Though there appear to be few differences between powder coating and electroplating, these finishing methods have their distinctions. Comparing and contrasting them is the key to choosing the finish that best serves your application needs.
Through this comprehensive guide, we’ll compare powder coating vs. electroplating to help you gain a better understanding of each.
The application process is perhaps the most significant difference between powder coating and electroplating. Powder coating involves electrostatically applying a free-flowing powder to a substrate and curing it under heat or ultraviolet (UV) light. Though powder coating is a dry process, this substance essentially acts as a durable paint.
Electroplating is a wet process that begins by filling a tank with a positively charged electrolyte. An electric current passes through the electrolyte in which the metal object was placed. The electrolyte then splits, and the atoms are deposited onto the metal’s surface. Unlike powder coating, electroplating does not act as a paint, but rather a metal finish.
Powder coating is significantly more sustainable and environmentally friendly than electroplating. Powder coating is a recyclable, single-coat process that reduces waste material. After spraying powder coatings, you can gather and reuse them. Plus, powder coating is a solvent-free coating method, meaning it does not produce harmful compounds or create air pollution.
Though electroplating is a popular process, it is not necessarily eco-friendly. The electroplating industry is a major contributor to the use of nickel, cadmium, chromium and other metals that are harmful to the environment. However, companies have discovered greener alternatives to electroplating that achieve the same results, such as physical vapor deposition (PVD).
Electroplating and powder coating are both low-cost processes. On the surface, electroplating is the less expensive of the two finishing methods in terms of material and equipment costs. However, powder coating offers long-term cost savings by cutting down on energy, waste disposal, labor, production and regulatory compliance costs.
Powder coating and electroplating are both highly durable processes. Electroplating gives metal additional robust properties like resistance to corrosion, wear, abrasion and friction. It also results in greater hardness and electrical conductivity.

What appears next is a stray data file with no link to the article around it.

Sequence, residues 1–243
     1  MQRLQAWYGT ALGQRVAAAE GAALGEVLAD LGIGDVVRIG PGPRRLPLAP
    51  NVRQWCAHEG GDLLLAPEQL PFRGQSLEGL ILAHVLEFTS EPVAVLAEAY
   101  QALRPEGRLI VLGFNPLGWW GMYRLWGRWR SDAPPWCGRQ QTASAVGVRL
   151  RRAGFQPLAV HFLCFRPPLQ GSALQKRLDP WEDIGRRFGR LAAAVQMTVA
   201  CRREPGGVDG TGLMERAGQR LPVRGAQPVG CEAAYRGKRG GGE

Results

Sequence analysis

Powder coating is considerably stronger than paint, resulting in a hard, durable finish. These coatings chemically resist alkalinity, prevent fading and chipping and withstand harsh environments.
Coating thickness is easier to regulate with electroplating due to enhanced control over electric voltage levels. Immersing components in liquid also promotes a more even distribution. Electroplating is usually the better option for parts with tight tolerances or hard-to-reach areas.
Powder coating generally has a thicker application, so regulating thickness is more challenging.
Though powder coating and electroplating achieve similar results, they’re best used in different applications. Powder coating is a popular finish in industries ranging from agricultural to automotive to electrical to appliances. It has countless everyday uses, such as:
- Light fixtures.
- Golf clubs.
- Fire hydrants.
Electroplating is a prominent process in oil and gas, telecommunications, aerospace and medical industries. Common applications of electroplating include:
- Kitchen utensils.
- Mobile phones.
- Automotive parts.
- Pots and pans.
- Sink taps.
- Tin cans.
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If you’re looking for top-of-the-line powder coating services, Keystone Koating is your solution. We’ve spent over three decades providing customers with start-to-finish powder coating services. We can handle a large volume of parts in a short period and offer a wide selection of colors and textures and excellent corrosion protection.
Get a quote on our powder coating services today!